I just finished Bret Easton Ellis’s American Psycho on audiobook. As I’ve been posting here for the past couple of weeks, I’ve been quite a resisting reader when it comes to this novel. Throughout my experiences with this book, I’ve seen it as vapid, self-indulgent, self-consciously hip…and this doesn’t even approach the problems with the book’s violence (which I feel mixed about). I had previously read (or listened to) Ellis’s earlier work, Less Than Zero, and that didn’t impress me all that much. I’m not sure if was Ellis’s style that put me off, his subject matter, or the fact that I (perhaps unfairly) equate him with the kind of people and settings he writes about…or maybe just a combination of all of these reasons. But first getting into American Psycho, I was becoming even less tolerant of Ellis’s talents. Yet, I do have to say that after finishing the novel, I appreciate it a little bit more. This might not be saying much, since overall, I do not find the book to be a completely successful narrative. Still, compared to what I had been thinking about the book, my concluding impression are at least not completely dismissive.
What grabbed me in the end was Ellis’s not-so-subtle linkage of Bateman’s situation to that of the Reagan years in America. In the very last scene, when Patrick Bateman and his Wall Street buddies are sitting in the restaurant/bar, watching Reagan and Bush Sr. on the TV, you can see clearly where Ellis had been wanting to go all along. And I’m with him on this. I agree that the 1980s, particularly America under Reagan, had been a vapid, self-indulgent, shortsighted, selfish, nauseatingly jingoistic, and highly deceptive decade. At bottom, it was a period in American history where our moral mettle was truly tested, and we came up short. I get all of this, and I understand how American Psycho fits into this picture. However, I can’t help but think of another narrative that points out all of this, and more: Woody Allen’s Crimes and Misdemeanors. That film, released in 1989–and I was living in New York City at the time, and saw it on its opening night, experiencing the kind of Woody Allen fan moment satirized on Saturday Night Live a few years later–is all about the Reagan years and its many crimes. The thing is, Allen’s film succeeds where American Psycho doesn’t. Much of Ellis’s 1991 novel is blunt and gratuitous…and I’m not necessarily talking about the violence and sex. Ellis is anything but subtle, and that is part of the problem of the novel: a lack of sophistication and equivocal complexity.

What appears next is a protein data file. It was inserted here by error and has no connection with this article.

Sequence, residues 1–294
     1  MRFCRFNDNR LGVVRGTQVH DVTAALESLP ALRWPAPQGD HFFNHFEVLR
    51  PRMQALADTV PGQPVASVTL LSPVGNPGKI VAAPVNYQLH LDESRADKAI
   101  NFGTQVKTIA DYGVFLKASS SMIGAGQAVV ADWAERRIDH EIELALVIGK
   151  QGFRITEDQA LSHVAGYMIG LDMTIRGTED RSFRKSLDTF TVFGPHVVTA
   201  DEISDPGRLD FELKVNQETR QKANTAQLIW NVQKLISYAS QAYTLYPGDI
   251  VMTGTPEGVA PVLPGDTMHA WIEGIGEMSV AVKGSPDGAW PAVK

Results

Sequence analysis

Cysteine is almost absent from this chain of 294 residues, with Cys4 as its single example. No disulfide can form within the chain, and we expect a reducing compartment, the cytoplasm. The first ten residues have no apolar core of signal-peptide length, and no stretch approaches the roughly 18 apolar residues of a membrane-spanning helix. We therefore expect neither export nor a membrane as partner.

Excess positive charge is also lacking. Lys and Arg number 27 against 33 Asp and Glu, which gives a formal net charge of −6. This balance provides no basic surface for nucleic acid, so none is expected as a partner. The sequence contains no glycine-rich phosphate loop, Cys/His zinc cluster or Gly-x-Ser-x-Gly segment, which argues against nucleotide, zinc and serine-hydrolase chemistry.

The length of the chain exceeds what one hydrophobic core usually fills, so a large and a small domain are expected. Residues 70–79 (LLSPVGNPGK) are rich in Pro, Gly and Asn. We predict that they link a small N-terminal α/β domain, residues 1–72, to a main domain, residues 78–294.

That being said, I could see teaching this novel. It would be interested to teach a course on 1980s America, and using many of its narratives of the time to illustrate and critique that decade. Even though it would turn off a lot of the students, I think American Psycho could be an effective text to use, along with Crimes and Misdemeanors and a number of other texts that narratize that period in our history.